active-plugins

Next, set the ‘bulk actions’ dropdown to “deactivate” and and click apply

deactivate-plugins-apply

This will deactivate all of your currently running plugins, making your upgrade process easier.

Step 3: Delete old core WordPress files

This next section may seem scary or confusing, but if you read it through carefully and then watch the video, it’s actually pretty easy. And, since you backed up, you can always recover if you make a mistake. So relax!

The following support instructions involve the use of an FTP program. If you're not sure what an FTP program is, or how to use it, visit this tutorial before proceeding.

The next step is to use an FTP program to delete most of your old WordPress core files. (A core file is everything WordPress uses to run itelf, except theme, plugin, and uploaded files.)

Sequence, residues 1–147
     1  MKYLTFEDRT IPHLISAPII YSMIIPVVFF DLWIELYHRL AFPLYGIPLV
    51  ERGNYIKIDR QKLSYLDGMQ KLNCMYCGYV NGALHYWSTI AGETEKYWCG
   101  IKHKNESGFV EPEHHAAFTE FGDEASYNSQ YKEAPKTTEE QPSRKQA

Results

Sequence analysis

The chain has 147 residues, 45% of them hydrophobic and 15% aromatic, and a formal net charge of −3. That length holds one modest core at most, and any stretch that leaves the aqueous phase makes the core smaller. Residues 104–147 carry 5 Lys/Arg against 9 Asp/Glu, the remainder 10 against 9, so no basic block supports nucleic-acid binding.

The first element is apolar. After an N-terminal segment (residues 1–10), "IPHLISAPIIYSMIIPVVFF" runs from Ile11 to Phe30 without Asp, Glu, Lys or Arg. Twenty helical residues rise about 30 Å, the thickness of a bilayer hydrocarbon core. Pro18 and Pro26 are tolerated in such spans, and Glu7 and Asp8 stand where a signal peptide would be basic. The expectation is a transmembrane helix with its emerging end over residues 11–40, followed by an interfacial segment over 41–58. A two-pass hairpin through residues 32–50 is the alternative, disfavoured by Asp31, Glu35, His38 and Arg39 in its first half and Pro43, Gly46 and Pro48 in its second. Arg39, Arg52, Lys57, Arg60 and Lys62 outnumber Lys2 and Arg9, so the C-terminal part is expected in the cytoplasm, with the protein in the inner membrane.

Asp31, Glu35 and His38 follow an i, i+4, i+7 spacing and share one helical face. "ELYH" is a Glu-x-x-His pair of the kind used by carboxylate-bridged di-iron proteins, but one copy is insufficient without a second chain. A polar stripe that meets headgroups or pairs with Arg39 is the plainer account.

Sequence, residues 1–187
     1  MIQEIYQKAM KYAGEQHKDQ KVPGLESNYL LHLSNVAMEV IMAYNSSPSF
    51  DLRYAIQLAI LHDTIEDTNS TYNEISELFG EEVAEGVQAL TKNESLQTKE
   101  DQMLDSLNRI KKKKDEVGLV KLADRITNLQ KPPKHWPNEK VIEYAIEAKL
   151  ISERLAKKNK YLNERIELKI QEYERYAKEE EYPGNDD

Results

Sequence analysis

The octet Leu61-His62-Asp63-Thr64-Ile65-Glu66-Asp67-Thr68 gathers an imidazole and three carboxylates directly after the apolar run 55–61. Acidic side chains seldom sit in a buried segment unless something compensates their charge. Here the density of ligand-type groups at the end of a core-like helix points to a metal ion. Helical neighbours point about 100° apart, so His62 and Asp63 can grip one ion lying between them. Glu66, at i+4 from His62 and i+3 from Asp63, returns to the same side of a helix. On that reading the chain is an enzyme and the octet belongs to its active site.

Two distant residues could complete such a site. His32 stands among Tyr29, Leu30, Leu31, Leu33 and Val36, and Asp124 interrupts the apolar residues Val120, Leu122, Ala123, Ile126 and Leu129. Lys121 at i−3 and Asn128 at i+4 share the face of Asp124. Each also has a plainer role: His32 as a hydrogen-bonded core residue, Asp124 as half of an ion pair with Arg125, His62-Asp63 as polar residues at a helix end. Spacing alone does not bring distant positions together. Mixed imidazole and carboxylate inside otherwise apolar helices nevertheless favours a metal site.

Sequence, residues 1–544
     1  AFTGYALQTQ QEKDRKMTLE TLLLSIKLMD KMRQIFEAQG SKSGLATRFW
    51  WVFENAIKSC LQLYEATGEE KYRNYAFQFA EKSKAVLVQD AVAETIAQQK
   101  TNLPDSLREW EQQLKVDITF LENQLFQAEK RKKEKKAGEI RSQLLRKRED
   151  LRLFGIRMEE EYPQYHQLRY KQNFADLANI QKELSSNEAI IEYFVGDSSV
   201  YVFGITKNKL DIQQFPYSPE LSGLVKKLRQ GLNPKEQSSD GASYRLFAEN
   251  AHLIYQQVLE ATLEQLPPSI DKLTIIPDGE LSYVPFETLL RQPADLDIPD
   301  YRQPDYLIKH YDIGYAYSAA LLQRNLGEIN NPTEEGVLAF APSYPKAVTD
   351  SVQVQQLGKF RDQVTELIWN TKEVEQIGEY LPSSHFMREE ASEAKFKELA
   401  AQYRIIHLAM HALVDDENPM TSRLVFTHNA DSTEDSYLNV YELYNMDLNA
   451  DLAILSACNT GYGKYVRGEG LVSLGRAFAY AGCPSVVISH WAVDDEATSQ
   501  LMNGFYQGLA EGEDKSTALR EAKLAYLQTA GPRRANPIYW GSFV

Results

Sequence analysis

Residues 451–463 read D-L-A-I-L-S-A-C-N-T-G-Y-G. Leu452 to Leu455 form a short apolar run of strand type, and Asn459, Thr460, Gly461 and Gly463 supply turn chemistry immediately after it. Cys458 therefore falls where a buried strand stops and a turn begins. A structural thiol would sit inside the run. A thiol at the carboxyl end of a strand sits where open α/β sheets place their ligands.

Using your FTP program, navigate to the folder where WordPress is installed and select the correct files to delete. This is almost always all of the files in your blog’s installation folder EXCEPT for one special file and one whole folder. The file is called “wp-config.php” and the folder is called “wp-content“. DO NOT DELETE THOSE TWO THINGS. The former contains custom connection information from your blog files to your database, and the latter holds all your uploaded images.

Also, don’t delete any other folders or files that you have put into the WordPress installation folder that are not WordPress files or folders.

So, to review:

DO delete only two folders — “wp-admin” and “wp-includes”. DO NOT delete any other folders, especially “wp-content”.